Welcome to Media Insider, PR Newswire’s roundup of media news stories from the week.
New York Times drops out of AI coalition
Semafor | Max Tani
The New York Times has decided not to join a group of media companies attempting to jointly negotiate with the major tech companies over the use of their content to power artificial intelligence. The move is a major blow to Barry Diller’s efforts to establish a united front against Google and Microsoft. Diller said at a media event in April that publishers should sue major tech companies that have trained their AI models on data produced by media organizations. His company IAC has been spearheading an effort to form a group of key publishers that would press for legislative and potentially legal action to force the tech companies to pay billions of dollars back to those publishers. The presence of the two pillars of American news – The Times and Journal – would have been a powerful statement for that coalition. But sources with knowledge told Semafor that the Times is no longer a part of the effort. The decision makes it more likely that publishers may cut their own separate deals.
In more NYT news, members of the company’s union briefed staffers from the Washington Post union as it considers a walkout.
Raid of Small Kansas Newspaper Raises Free Speech Concerns
New York Times | Steven Lee Myers and Benjamin Mullin
A small town in Kansas has become a battleground over the First Amendment after the local police force and county sheriff’s deputies raided the office of The Marion County Record, a family-owned paper with a circulation of about 4,000. The police seized computers, servers, and cellphones of reporters and editors. They also searched the home of the publication’s owner and semiretired editor, as well as the home of a city councilwoman. The searches appeared to be linked to an investigation into how a document containing information about a local restaurateur found its way to the local newspaper — and whether the restaurant owner’s privacy was violated in the process. The editor of the newspaper said the raids may have had more to do with tensions between the paper and officials in Marion, a town of about 2,000 north of Wichita, over prior coverage.
CNN Announces Huge Changes to Programming Lineup
TV Insider | Martin Holmes
CNN has announced a dramatic shake-up of its programming schedule, including new anchors for the morning, daytime, primetime, and weekend shows. “Inside Politics Sunday” host Abby Phillip will anchor the news network’s 10 p.m. hour on weekdays, with chief legal analyst Laura Coates anchoring the 11 p.m. slot. “CNN This Morning” is also receiving a makeover following the recent controversy that saw Don Lemon fired after making sexist remarks. The morning show’s long-time co-host Kaitlan Collins also exited the program to host the network’s 9 p.m. hour, replacing Chris Cuomo, who was fired in 2021. Phil Mattingly, CNN’s chief White House correspondent, will now co-host “CNN This Morning” alongside the show’s long-time anchor Poppy Harlow. The lineup also includes brand new shows for Christiane Amanpour, Chris Wallace, Victor Blackwell, Pamela Brown, and Manu Raju.
ICYMI: Fantasy sports and sports betting media company Fantasy Life has raised $2 million from famous athletes and entrepreneurs.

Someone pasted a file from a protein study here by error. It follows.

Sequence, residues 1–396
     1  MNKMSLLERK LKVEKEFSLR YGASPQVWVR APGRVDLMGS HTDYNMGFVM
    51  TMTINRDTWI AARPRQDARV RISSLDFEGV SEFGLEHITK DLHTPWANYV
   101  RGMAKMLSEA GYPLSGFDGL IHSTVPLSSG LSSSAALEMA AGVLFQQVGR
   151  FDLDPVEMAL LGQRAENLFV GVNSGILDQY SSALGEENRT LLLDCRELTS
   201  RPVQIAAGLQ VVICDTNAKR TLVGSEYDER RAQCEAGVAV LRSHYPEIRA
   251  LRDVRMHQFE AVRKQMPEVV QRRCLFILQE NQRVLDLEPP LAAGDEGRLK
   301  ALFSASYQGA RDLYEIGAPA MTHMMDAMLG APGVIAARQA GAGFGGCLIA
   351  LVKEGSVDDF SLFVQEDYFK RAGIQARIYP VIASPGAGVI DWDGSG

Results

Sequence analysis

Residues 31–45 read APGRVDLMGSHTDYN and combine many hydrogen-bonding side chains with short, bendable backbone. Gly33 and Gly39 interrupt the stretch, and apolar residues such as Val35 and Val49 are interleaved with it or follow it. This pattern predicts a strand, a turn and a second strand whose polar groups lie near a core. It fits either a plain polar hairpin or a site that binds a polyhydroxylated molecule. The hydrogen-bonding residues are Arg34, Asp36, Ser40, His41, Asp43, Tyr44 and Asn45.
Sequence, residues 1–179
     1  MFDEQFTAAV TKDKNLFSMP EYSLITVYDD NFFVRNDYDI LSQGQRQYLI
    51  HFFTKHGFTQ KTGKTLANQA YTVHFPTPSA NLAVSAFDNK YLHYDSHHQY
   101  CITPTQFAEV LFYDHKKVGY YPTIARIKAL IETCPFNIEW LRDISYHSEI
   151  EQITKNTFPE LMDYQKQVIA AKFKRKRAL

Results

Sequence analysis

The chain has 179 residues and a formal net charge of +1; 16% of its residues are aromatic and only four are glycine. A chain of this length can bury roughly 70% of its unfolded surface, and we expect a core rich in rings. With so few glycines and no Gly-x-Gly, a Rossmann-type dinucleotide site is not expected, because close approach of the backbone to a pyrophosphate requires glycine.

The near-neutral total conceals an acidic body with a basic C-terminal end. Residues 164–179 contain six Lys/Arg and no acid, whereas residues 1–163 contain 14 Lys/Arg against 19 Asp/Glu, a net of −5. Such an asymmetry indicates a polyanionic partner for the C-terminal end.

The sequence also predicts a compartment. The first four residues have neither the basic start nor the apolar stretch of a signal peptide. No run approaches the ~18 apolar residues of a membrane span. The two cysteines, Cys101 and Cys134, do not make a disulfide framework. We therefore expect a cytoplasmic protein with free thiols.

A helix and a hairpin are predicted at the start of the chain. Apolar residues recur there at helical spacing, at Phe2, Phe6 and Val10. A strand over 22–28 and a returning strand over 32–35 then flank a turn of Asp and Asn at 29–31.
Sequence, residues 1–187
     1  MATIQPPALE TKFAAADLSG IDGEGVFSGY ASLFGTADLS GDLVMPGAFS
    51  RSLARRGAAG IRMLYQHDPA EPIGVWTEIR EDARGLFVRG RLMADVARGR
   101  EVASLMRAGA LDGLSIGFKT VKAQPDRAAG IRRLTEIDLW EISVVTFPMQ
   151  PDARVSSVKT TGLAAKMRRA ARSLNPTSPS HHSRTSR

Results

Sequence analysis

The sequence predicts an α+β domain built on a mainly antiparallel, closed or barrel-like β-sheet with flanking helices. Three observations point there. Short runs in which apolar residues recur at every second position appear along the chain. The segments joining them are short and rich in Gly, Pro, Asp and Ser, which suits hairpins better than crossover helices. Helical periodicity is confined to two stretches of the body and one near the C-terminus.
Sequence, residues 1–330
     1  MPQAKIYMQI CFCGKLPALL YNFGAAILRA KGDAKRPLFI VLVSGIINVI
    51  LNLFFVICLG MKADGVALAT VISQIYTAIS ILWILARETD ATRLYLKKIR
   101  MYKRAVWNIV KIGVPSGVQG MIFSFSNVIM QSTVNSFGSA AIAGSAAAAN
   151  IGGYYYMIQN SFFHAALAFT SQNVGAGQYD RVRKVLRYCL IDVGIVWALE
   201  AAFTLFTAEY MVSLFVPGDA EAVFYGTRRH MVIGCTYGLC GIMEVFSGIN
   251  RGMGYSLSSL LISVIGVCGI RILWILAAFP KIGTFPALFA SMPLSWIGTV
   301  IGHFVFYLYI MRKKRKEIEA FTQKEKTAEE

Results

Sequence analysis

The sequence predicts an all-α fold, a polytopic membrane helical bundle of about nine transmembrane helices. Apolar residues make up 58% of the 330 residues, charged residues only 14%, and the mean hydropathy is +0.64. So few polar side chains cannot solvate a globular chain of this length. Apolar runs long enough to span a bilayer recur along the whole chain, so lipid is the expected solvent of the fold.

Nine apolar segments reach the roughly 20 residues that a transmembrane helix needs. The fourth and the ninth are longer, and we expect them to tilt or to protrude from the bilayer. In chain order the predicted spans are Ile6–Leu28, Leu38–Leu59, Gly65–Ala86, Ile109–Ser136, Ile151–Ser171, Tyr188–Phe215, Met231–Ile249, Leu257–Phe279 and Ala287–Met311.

X reportedly delays links to sites Elon Musk dislikes
Silicon Republic | Leigh Mc Gowran
New reports claim X – formerly known as Twitter – developed a petty (and potentially effective) tactic to disrupt certain competitors and sites Elon Musk has previously spoken out against. The claim is that X was adding a five-second delay if a user clicked a link that brought them to certain domains. This delay was first noted by a user on the Hacker News forum. The Washington Post said its own analysis confirms this claim and that certain sites were being throttled by X. The delay reportedly impacted online rivals such as Facebook, Instagram, Bluesky, and Substack, along with news sites such as Reuters and The New York Times. The report claims Musk has singled out each of these sites before for “ridicule or attack.” It also claims the delay impacts the t.co domain, which is a link-shortening service that X uses to process links posted to the site. Links to various other sites such as The Washington Post, Fox News, Mastodon, and YouTube were all routed in a second or less, according to the analysis. Shortly after the original analysis was published, The Washington Post noted that the platform had begun reversing the slow access.
IRS Claims Vice Media Owes Nearly $41 Million in Back Taxes for Refinery29
Variety | Todd Spangler
The Internal Revenue Service filed a claim in Vice Media Group’s bankruptcy case, saying the company’s Refinery29 division owes the U.S. government about $40.9 million in back taxes, interest, and penalties. The total tax bill for Refinery29, a digital media outlet that focuses on fashion, beauty, and wellness topics, runs from the first quarter of 2020 through June 2023, per the IRS’ claim filed on Aug. 3. Vice Media completed the acquisition of Refinery29 for a reported $400 million price tag in November 2019. On July 31, Vice Media announced the closing of its deal to be acquired by a consortium of former lenders, comprising funds managed by affiliates of Fortress Investment Group, Soros Fund Management, and Monroe Capital. The deal values Vice at $350 million, compared with its peak valuation of $5.7 billion six years ago. In addition to taxes the IRS says it is owed for Refinery29, the agency has filed claims seeking to recover an additional $1.24 million in taxes and penalties from Vice Media, its affiliates, and/or subsidiaries, according to filings.